Reading Together® Te Pānui Ngātahi:

Implementation for impact and enduring, reciprocal high trust relationships between families, whānau and schools


Reading Together®: is a research-based and cost-effective workshop programme for parents, children, teachers and librarians. It helps parents and caregivers to support their children's reading at home more effectively.  The high impact of Reading Together® was initially demonstrated in a randomised controlled trial. Find out more about the underpinning evidence in:

School leadership and student outcomes: Identifying what works and why:

Chapter 7: Creating educationally powerful connections with family, whānau and communities
Authors: Alton-Lee, A., V. Robinson, M. Hohepa and C. Lloyd (2009)
Best evidence Synthesis Iteration (BES). Wellington: Ministry of Education


The programme also supports children's affective and social development, and enhances relationships between children and parents, parents and teachers, and families and librarians.

The Programme for International Reading Literacy assessments found that "number of books at home" was a major predictor of success at school. Reading Together® ensures that schools and families are able to support children's access to, and enjoyment of meaningful text.

In 2014 a Select Committee recommended the implementation of RT across all decile 1 -5 schools.

Crucial to the impact of Reading Together® is the care taken to build trust:

New Implementation Exemplars

Exemplars from Otahuhu and Manurewa demonstrate all the work behind the scenes to ensure high trust is built with families, and successful, high impact implementation.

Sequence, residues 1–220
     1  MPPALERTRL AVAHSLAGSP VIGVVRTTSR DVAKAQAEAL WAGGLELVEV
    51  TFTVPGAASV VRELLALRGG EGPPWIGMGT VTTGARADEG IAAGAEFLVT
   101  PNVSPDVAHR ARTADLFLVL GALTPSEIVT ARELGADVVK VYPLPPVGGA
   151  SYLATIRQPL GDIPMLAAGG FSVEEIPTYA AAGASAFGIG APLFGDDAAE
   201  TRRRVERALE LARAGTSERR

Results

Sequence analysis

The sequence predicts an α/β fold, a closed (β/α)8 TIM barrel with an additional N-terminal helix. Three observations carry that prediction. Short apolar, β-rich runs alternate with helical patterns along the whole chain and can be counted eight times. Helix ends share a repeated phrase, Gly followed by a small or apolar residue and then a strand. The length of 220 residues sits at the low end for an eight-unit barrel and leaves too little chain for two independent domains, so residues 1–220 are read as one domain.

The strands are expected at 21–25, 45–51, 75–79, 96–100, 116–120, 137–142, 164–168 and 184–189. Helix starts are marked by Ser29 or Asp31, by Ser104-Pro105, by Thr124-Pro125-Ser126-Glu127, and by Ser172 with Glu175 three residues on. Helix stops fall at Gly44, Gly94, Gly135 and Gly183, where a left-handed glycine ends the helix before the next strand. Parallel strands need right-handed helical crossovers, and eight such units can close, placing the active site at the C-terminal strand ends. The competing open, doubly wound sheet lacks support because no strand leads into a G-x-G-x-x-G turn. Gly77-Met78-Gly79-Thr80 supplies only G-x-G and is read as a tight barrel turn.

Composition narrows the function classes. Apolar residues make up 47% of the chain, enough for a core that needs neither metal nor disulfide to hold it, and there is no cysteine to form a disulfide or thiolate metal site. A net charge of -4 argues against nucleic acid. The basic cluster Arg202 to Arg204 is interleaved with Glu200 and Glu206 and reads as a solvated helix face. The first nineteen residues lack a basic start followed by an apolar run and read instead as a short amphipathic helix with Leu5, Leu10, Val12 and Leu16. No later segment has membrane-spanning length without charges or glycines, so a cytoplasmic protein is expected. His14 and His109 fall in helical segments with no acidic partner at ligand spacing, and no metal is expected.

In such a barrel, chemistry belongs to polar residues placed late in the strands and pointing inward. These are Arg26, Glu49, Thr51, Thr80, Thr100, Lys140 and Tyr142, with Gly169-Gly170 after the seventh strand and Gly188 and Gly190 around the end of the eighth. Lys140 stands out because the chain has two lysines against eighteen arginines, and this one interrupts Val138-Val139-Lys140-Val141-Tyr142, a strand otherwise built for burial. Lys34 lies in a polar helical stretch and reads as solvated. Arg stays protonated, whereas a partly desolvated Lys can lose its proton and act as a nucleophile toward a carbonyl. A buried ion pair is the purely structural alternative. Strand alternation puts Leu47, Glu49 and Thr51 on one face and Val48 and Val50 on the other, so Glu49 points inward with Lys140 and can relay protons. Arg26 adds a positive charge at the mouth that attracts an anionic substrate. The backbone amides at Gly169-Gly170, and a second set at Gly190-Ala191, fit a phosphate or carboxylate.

While these videos highlight the spirit, intent and impact of RT, they should not be seen as an alternative to adhering to the detailed workshop content, processes and sequencing. The long-term effect is leveraged through the evidence-informed implementation process explained in the Reading Together®: Workshop Leader's Handbook, associated smart tools, and other resources.

The initial implementation of RT at St Joseph's School, Otahuhu is the focus of a case study prepared for the Iterative Best Evidence Synthesis Programme and the Pasifika Schooling Improvement Divisions of the MOE. The report focuses on the principal's implementation leadership. The results of a matched comparison evaluation demonstrated statistically significant gains in children's reading comprehension from new entrant to Year 8 students that were over and above those achieved by the in-school literacy programme, and were evident not only for the focus child but also across siblings in the families who participated. Reading gains were sustained over time.  Read the full report Tuck, B., Horgan, E., Franich, C., & Wards, M. (2007).  School leadership in a school-home partnership: Reading Together® at St Joseph's School Otahuhu . Wellington: Ministry of Education.

More than a decade later, St Joseph's school leadership demonstrates extraordinary expertise and sustainability in high impact implementation.

The following videos highlight critical success factors from the perspective of school leaders and families:

Reading Together®: Making an informed decision

Leaders taking time to find out about the RT Programme and the evidence behind it and getting the buy-in of all staff have been crucial to success. The RT programme is described as 'deceptively simple with sophisticated ideas underpinning it'.

"..The fact that the programme was research based held a great deal of importance for us.  We weren't about to initiate something that we just thought 'might' make a difference."


Planning for the first meeting: Getting the right people there and breaking down the barriers

St Joseph's leadership explain their strategic approach to inviting parents to participate. They made personal approaches for their first series of RT workshops to families they felt would contribute and become future ambassadors for the programme.